Council approves use of $300,000 for housing project

“We’re reversing an erosion of the tax base.”

That’s how Lycoming County Commissioner Jeff Wheeland described to City Council Thursday night a partnership between the city and county as they work together on a housing strategy.

For its part, council authorized the commitment of $300,000 from the Home Investment Program at 1 percent interest, setting up an investment agreement with Memorial Homes LP, the management company that will oversee and manage 40 apartments and 32 townhouses to be built by another company at the Brodart warehouse site on Memorial Avenue.

The money was funds previously part of the Pennsy Heights development in the west end of the city that were not being utilized and would have been lost if not allocated for similar projects by a June 30 deadline, said Councilman Randall J. Allison.

On behalf of the city, Allison thanked the county partners and housing strategy team of planners and said while these are projects in the city, Memorial Homes, in particular, is a true regional project.

The agreement allows the city to move natural gas impact fee money into the project, including use for offsite improvements in the neighborhoods surrounding the housing development meant to revitalize the area, according to John Grado, city engineer and director of community and economic development.

Wheeland also hinted at future partnership developments ahead. “We have oodles of other projects we’re working on” with the city and finance director William E. Nichols Jr., he said.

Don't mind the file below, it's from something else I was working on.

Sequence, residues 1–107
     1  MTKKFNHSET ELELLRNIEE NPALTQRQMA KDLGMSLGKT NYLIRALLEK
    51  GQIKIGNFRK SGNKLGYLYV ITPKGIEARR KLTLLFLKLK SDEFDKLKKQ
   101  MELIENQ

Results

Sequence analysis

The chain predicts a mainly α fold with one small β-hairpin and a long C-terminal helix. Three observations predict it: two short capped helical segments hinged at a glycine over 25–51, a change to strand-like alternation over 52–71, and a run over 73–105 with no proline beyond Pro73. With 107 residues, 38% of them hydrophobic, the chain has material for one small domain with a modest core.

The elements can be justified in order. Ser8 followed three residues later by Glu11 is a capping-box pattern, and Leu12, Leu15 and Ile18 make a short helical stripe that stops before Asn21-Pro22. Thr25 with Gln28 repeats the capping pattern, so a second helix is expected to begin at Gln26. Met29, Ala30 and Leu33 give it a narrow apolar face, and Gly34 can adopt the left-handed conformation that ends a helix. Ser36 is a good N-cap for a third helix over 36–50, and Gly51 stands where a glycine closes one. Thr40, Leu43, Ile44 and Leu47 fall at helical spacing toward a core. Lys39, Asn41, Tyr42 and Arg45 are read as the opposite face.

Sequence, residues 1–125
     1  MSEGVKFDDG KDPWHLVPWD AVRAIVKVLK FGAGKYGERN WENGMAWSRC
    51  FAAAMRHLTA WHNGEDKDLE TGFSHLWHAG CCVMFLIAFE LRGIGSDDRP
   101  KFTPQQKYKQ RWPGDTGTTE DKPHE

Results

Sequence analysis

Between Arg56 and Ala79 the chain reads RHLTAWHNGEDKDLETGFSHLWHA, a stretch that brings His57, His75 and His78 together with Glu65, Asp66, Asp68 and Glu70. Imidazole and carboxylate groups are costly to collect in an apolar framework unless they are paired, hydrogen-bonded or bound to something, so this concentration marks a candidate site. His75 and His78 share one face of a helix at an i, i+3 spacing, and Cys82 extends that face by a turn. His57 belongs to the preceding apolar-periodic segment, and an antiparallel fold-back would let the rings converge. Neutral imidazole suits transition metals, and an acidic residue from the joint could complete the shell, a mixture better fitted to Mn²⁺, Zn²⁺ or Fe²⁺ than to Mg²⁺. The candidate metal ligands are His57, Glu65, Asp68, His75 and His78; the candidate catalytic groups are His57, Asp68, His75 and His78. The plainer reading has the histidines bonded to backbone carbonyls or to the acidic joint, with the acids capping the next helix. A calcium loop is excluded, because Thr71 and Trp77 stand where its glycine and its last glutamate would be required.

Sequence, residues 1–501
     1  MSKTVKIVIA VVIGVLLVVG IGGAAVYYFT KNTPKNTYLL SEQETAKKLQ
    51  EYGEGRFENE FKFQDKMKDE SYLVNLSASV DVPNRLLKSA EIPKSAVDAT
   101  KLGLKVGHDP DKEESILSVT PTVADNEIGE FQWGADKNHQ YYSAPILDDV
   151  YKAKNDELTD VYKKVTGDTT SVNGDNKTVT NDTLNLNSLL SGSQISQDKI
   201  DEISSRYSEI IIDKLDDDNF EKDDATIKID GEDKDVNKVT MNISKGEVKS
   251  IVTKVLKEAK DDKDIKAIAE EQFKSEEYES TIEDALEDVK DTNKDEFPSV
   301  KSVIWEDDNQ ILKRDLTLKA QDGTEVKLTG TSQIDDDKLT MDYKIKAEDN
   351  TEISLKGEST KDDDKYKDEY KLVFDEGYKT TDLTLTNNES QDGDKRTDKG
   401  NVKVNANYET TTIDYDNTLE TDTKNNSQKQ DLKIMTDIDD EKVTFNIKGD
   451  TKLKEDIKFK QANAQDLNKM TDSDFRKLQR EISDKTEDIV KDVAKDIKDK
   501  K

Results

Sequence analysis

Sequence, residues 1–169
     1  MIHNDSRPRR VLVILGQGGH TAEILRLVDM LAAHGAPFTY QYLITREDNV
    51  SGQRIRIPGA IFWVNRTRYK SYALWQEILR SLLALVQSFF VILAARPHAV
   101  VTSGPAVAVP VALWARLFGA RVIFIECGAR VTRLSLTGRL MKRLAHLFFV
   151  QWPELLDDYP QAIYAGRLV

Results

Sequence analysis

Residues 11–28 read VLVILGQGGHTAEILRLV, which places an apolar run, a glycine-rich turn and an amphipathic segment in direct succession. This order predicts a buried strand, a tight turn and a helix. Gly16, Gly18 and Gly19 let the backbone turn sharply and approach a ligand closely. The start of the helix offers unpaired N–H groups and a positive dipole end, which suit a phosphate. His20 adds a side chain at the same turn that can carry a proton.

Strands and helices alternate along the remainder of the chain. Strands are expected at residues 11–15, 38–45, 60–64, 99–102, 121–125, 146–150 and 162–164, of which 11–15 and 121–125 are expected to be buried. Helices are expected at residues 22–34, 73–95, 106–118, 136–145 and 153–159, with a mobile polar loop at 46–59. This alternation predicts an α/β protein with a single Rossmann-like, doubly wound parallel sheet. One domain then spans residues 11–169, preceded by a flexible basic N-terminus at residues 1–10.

Wheeland also said people need to be aware these strategies, including a neighborhood improvement around Memorial Homes and a 32-unit senior citizen apartment between Grove and Almond streets by SEDA-Council of Governments, are not government-owned properties, but rather, buildings to be built by private developers investing in a city where they see potential and opportunity.

“We’re going to revitalize that whole neighborhood,” Wheeland said. The building, a vacant storage house that has fallen apart recently due to its age and structural deficiency, is to be demolished to make way for Memorial Homes, and an area for two single family dwellings by Greater Lycoming Habitat for Humanity.

Wheeland also lauded the efforts of state Sen. E. Eugene Yaw, R-Loyalsock Township, for his initiative and foresight to see the value of using Pennsylvania Housing Affordability and Rehabilitation Enhancement funding from natural gas impact fees for such housing purposes before they were available.

“When you see him give him a pat on his back,” Wheeland said of Yaw.